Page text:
Another DL application developed by Phillips et al was used to identify melanoma in images of biopsied lesions taken on smartphones with dermoscopic lens attachments.[10] The Deep Ensemble for Recognition of Melanoma ANN is capable of learning features of malignant melanoma directly from the data given, rather than from features preset by the investigators.[11] When the application had been tested using published dermoscopic images, it assessed the likelihood of melanoma in the images at a level of accuracy similar to that of the clinicians.[10] The study highlights the potential for a DL application to help clinicians in secondary prevention of skin cancer and to serve as a diagnostic and decision-making tool.[10]

Natural Language Processing

Over the last 20 years, we have seen a boom in the regular use of NLP algorithms with applications such as spelling and grammar check in word processers, autocorrect, and predictive text messaging.[12] Just 10 years ago, Mayo Clinic researchers developed the Text Analysis and Knowledge Extraction system, an NLP framework that could root out data from text within electronic health records.[13] Recent applications of NLP in plastic surgery stem from a trending interest in the analysis of the public opinions regarding the field and an abundance of data within the Twitter microblogging system.[14]

Plastic surgeons in aesthetics have increasingly taken to using social media platforms to market their practices and provide patient education. To gauge the public perception of plastic surgery, Mustafa and colleagues used an NLP technique called hedonometrics to analyze tweets regarding plastic surgery occurring between 2012 and 2016.[15] Hedonometrics is a procedure that uses an algorithm to quantify happiness based on text.[16] The data set contains over 10,000 words pulled from Amazon Mechanical Turk.[15,16] They developed word-shift graphs to summarize the major shifts in overall word happiness and the words that caused them.[15] After analyzing 1,037,146 relevant tweets, they found that the term "plastic" was the most popular and had the lowest positivity score.[16] The terms "aesthetic," "cosmetic," and "reconstructive" were less popular, though more positively regarded.[16] A similar study by Cognovi Labs and Duke University used supervised ML technology to examine commonly hashtagged words associated with plastic surgery.[24] The authors suggest their results might inform decisions to use the title of aesthetic or cosmetic surgeon and emphasized the potential for such applications to influence marketing strategies and the public perception of plastic surgery.[16,24]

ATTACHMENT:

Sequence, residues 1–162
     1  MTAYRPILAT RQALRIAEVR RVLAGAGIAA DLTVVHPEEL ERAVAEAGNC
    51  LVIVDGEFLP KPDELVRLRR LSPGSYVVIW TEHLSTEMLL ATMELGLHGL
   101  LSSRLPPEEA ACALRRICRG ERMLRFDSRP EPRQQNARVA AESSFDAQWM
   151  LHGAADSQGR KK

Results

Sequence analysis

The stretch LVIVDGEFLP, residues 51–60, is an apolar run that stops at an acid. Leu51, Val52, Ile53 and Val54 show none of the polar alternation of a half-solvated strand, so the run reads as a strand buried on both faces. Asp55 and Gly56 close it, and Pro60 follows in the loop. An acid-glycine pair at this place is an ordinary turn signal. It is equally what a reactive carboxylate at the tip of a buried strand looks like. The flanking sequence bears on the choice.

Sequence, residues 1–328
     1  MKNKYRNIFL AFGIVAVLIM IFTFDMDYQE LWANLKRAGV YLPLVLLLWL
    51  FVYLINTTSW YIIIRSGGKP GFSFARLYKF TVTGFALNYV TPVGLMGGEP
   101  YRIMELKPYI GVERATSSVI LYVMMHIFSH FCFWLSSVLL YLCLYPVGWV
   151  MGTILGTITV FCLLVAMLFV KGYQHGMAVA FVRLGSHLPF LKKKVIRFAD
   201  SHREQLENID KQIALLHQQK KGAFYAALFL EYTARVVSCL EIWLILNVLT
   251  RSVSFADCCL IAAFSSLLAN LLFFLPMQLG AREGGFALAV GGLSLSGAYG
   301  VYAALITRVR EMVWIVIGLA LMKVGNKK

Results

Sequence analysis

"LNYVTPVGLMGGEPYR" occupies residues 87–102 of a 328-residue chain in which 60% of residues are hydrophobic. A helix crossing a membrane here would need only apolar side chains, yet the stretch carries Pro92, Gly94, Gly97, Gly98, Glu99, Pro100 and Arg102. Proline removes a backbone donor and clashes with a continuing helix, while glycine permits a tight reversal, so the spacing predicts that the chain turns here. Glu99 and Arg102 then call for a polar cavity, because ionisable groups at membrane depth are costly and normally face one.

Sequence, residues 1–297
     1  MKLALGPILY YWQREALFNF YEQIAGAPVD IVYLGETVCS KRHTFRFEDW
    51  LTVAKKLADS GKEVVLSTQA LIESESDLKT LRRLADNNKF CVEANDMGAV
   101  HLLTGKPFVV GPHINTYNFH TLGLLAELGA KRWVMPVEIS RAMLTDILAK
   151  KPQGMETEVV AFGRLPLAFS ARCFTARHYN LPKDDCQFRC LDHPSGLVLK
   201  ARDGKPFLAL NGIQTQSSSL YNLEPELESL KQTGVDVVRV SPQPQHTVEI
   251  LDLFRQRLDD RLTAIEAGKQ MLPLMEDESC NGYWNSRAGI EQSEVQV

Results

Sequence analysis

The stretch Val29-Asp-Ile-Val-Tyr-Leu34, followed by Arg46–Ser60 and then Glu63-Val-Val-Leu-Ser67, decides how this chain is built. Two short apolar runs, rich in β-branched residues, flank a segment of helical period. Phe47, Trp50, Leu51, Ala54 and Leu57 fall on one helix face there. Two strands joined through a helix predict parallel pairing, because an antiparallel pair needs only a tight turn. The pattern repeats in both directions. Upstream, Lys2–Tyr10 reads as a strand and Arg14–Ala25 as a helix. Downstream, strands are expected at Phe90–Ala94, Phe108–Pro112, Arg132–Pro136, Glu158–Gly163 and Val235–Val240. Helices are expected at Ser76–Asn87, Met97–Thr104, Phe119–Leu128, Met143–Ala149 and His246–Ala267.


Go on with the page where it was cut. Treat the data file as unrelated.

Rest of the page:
Recognizing the potential utility of a smartphone in addressing frequently asked questions in plastic surgery clinics, Boczar et al developed a smartphone application trained to provide answers to questions within 10 chosen topics of frequent concern to preoperative patients.[25] Participants asked the application questions from each of the chosen topics in their own words.[25] After a training period, the application provided an appropriate answer 92.3% of the time, with participants determining the answer to be accurate 83.3% of the time.[25] The authors anticipate the integration of the technology into clinical practice to improve patient support and free up time for surgeons.[25]

Facial Recognition Technology

The commercial use of facial recognition technology is becoming commonplace with an increasing number of people using smartphones employing the technology. Facial recognition operates using pattern recognition models combined with image analysis and deep neural networks to take unique biometric measurements that are used to interpret facial characteristics.[17] One model was able to classify facial beauty in patients relative to postoperative target features, which may be beneficial in estimating patient satisfaction and setting appropriate expectations before surgery.[19] Further applications demonstrate promise in the diagnosis of developmental disorders that express characteristic facies and assessing the success of facial feminization surgery.[17,18]

Acknowledging the desire for male-to-female transgender patients to be seen and treated as their identified gender, Chen et al trained several neural networks to identify gender based on facial features.[18] Images of patients who underwent male-to-female facial feminization surgery were taken along with cisgender male and cisgender female control images.[18] Four convolutional neural networks from Amazon, IBM, Microsoft, and Face++ were trained using these images to classify gender.[18] The control male images were correctly classified 100% of the time, while control females were correctly identified 98% of the time.[18] Preoperative images of the transgender patients were correctly classified as female 53% of the time, while postoperative images were correctly classified 98% of the time.[18] The authors point out that the software successfully provided an objective measure of the efficacy of the procedures, fulfilling a recognized gap in the outcome measures of gender confirmation surgery.[18]